Congressman Adam Clayton Powell Jr.: The Play

Culture Watch
tags: theater review, Adam, Adam Clayton Powell Jr



Bruce Chadwick lectures on history and film at Rutgers University in New Jersey. He also teaches writing at New Jersey City University. He holds his PhD from Rutgers and was a former editor for the New York Daily News. Mr. Chadwick can be reached at bchadwick@njcu.edu.


There is a large photo outside of the Castillo Theater on W. 42d Street in New York, where Peter DeAnda’s new one-man drama Adam, about Adam Clayton Powell Jr., is playing, that shows the longtime, controversial Congressman getting ready to talk to a huge street crowd in Harlem. It is a mesmerizing photo because it caught the popular Powell in the middle of his Harlem flock and at his best. This one single photo reminds everybody of what a charismatic leader Powell was from the 1930s to the 1970s.

The play about him, that just opened, is a nice story about Powell’s achievements in his lifelong battle against racism in which he represented Harlem for nearly three decades in Congress. It is also an interesting look at how the public perceives its Congressmen.

The story is appropriately set on a beach on the island of Bimini, in the Bahamas, where Powell, a fishing fanatic, spent much of his time. The Reverend is seated in a beach chair, fishing cap on his head, sunglasses on his nose and hands on a fishing pole. From his beach chair he goes back through time to tell his story in a favorable way.

Powell became the minister of a large church in Harlem and then plunged into politics. He led marches, demonstrations and strikes in the 1930s to get more African Americans hired in stores and hospitals, fought for better education and public housing for blacks and built a large base following in Harlem. The charismatic, handsome community organizer was elected to the New York City Council in 1941 and went to Congress as one of its first blacks for the first time (he served through 1970). There he fought for the Kennedy and Johnson administrations' Civil Rights programs.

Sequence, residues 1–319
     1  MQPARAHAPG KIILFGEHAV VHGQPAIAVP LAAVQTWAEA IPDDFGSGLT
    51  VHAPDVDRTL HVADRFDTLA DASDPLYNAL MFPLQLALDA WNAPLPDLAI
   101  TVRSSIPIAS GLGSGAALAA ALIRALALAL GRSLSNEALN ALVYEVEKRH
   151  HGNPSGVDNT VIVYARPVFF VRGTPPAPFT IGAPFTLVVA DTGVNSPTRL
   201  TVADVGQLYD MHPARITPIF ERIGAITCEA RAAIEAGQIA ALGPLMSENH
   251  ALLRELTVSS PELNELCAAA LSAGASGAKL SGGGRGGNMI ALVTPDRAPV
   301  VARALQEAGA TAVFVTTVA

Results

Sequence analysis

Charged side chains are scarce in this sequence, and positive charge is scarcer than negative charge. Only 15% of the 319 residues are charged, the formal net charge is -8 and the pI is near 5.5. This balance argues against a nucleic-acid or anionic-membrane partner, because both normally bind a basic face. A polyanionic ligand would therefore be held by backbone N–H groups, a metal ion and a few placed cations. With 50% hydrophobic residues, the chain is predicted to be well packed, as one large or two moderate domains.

The play is full of solid history and takes the audience all the way back to the start of the Depression when Powell and others served as the pioneers of the Civil Rights Movement, which did not gain full strength until thirty years later. You learn much about the role, and importance, of the minister in African American neighborhoods, the battles between community leaders and city officials and the power of the mass demonstration. You learn much about the street politics of New York City in the 1930s and 1940s, too.

It is a good story, but not really a complete one.

What always annoyed people about Powell was his cavalier attitude, frequent absences from Congress, rumors of infidelity, three wives, long travels at government expense, sometimes with young women other than his wife at the time, irreverence toward Congress and his determination to turn every one of the scandals in which he found himself involved into conspiracies to victimize him for being a liberal and being black.

He was also a political maverick. He did not maintain close ties to his party, the Democrats, and often feuded with other leaders in the Civil Rights Movement. He broke party ranks and campaigned for Dwight Eisenhower in 1956, infuriating the Democrats.

The problem with Adam is that the playwright ignores this well-known history. He glosses over a lot of the troubles in the life of the Congressman. He is portrayed as a distinguished minister, a righteous man of the cloth and public servant who was unfairly victimized all of his life and ignores the fact that the Congressman created his own problems.

Powell’s extravagant playboy life finally caught up to him in the late 1960s when Congress, fed up with his parties, womanizing, travels at government expense and maverick politics brought him up on charges and censured him (the vote was 307 to 116). He was booted out of Congress.

It was at this time, pleading innocent to all charges, that Powell developed his famous line to his followers, “keep the faith, baby.”

He ran for his old seat in a special election and his Harlem constituents, who loved him no matter what happened, returned him to Congress with an astonishing 85% of the vote. He then sued the government, won and went back to Congress a year later. Congress was not finished with him, though. He lost his seniority and his chairmanship of the Education and Labor Committee. Added to all of that was the case of Yvette Diago, his third wife. She was a paid employee of his but lived for six years in Puerto Rico, reportedly not doing any work for his office. It was a classic case of an alleged no-show job and helped to end to his career. He lost the 1970 election and retired, dying two years later.

The story that is told, despite its omissions, is a good one, full of history and information about one of the well-known figures of the Civil Rights movement. It just needs to fill in the holes.

Director Ajene D. Washington gets a solid performance from Timothy Simonson. He is tentative as Powell at the start of the play, but by the middle of it is impressive, especially when he preaches sermons as Powell the minister, which drew a roar from the crowd.

So, in the end, who was Adam Clayton Powell, Jr., a saint or a sinner?

His place in history will always be a bit cloudy, but as he always asked people to do, keep the faith, baby, keep the faith…

PRODUCTION: The play is produced by the New Federal Theatre at the Castillo Theater. Sets: Chris Cumberbatch, Costumes: Katy Roberson, Lighting: Antoinette Tynes, Sound: Bill Toles. The play is directed by Ajene D. Washington. It runs through March 19.




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